Wednesday, July 05, 2006

Score Unprintable

No way I’m running last night’s game through the WE tracker. Maybe on a day that I’m more bored and more stoned, but definitely not today.

I think we’re beyond the realm of doubt now: Shawn Chacon isn’t going to cut it in 2006. His second half performance in 2005 had us all wondering if he could repeat, but the answer is an apparent no. In order for the Yanks to have a fighting chance at the postseason this year, Cashman’s No. 1 priority must be the acquisition of a No. 3 or No. 4 starter. Too bad there won’t be any available.

The only question that remains now is if Chacon will indeed make the final start of the first half. While it would be nice to see him on normal rest, I don’t think it’s a risk the Yanks can really take now. There are two possible outcomes, neither of which is beneficial to the team. First is that he bombs, in which case they would have been better off calling up Steve White (or even possibly, if he’s no longer hurt, starting Darrell Rasner). The second is that he pitches well, which would only be giving the team false hope.

All this considered, I wouldn’t be surprised to see Chacon DFAd in the near future. He’s completely untradeable, both because he stinks and because he has one more year of arbitration at which he’s currently commanding $3.6 mil. At $1 mil, he’s a project for a team with patience. At $3.6 mil, he’s a veritable bust. Surely someone would pick him off the waiver wire, probably before Boston would get their chance.

I nominate Kris Wilson to take Chacon’s next start. In 92 innings at Columbus, he’s the owner of a 2.84 ERA and 0.97 WHIP. This is in addition to excellent peripherals: 7.14 K/9, 1.47 BB/9, 0.39 HR/9, and 4.87 K/BB. He may be 29, but that’s no reason to write him off. If Aaron Small can put it together for half a season, surely Wilson can.

A younger option would be 25-year-old Steven White, but I would think the Yanks consider him more of a trading chip than this year’s answer. It wouldn’t hurt to take a look, but a floundering appearance could erase all potential trade value.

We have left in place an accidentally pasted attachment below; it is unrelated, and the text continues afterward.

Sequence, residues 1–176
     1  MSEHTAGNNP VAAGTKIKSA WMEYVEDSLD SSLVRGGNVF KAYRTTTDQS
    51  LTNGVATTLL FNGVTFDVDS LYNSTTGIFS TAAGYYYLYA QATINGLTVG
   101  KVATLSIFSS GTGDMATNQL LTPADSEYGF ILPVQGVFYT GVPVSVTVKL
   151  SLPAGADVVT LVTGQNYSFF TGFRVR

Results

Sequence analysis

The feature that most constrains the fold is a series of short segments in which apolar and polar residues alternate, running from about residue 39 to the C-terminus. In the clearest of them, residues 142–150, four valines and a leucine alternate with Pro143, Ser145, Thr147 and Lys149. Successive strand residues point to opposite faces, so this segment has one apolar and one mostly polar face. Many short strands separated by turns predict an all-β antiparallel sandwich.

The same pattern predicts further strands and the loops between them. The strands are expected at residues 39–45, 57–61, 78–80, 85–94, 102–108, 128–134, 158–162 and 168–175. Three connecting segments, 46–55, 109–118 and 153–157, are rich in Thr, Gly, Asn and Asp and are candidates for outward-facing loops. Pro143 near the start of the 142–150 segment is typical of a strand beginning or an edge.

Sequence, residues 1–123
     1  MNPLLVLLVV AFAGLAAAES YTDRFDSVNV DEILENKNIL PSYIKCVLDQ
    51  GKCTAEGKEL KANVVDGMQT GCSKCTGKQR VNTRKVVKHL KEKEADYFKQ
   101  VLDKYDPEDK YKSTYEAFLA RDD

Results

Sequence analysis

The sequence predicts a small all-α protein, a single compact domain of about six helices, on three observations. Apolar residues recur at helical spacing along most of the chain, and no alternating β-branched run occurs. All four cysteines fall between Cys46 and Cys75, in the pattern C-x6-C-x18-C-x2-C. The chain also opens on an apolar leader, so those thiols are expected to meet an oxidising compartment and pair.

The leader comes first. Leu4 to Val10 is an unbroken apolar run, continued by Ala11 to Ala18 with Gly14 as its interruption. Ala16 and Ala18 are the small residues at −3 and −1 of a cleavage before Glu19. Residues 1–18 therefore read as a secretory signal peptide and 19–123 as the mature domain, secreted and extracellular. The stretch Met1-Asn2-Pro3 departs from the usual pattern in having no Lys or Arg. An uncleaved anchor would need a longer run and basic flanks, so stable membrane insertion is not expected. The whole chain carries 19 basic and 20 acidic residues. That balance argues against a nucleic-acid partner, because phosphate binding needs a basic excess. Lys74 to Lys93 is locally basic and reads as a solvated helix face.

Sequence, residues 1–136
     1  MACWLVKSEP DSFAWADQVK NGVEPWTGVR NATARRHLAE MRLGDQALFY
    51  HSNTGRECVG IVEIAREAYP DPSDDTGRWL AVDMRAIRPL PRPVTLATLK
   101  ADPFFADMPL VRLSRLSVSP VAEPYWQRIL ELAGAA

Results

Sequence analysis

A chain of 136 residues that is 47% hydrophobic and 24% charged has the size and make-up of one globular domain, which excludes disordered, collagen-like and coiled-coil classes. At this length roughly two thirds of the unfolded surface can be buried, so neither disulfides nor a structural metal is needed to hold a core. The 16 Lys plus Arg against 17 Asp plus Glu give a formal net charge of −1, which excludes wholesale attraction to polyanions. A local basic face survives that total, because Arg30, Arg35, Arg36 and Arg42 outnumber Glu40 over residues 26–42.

Not only did the starting pitching problem rear its ugly head tonight, but the bullpen is waving red flags of its own. Working two innings of mop-up was Scott Proctor, who was believed in April to be the 7th inning man. Unfortunately, Torre, per protocol, overused him and has left him completely ineffective. Whether some time off can heal Proctor’s woes remains to be seen, but it doesn’t look like he’s going to get a breather any time soon.

T.J. Beam, once the hurler of 38 consecutive scoreless innings this year for Trenton, also hit the wall yesterday, allowing six runs over 2/3 of an inning. I fully expect his demotion tomorrow, with Jose Veras coming up as a replacement. I don’t mind this so much, as I’m willing to be patient with Beam. Send him back to Columbus, allow him to regain his dominating form, and try, try again next year. Or even later this year, if the situation is appropriate.

On the plus side in the bullpen, Ron Villone pulled his ERA under two with his 2.2 scoreless innings. Now, if the starters could only go deeper into games, Villone could be putting away the seventh inning rather than the second, third and fourth.

And I know that the bats haven’t been as lively lately. But with quality pitching, you can overcome the occasional lineup failure. These guys are going to score runs; it’s just a matter of the pitchers picking up for off-days. And vice versa.

Man, am I tired.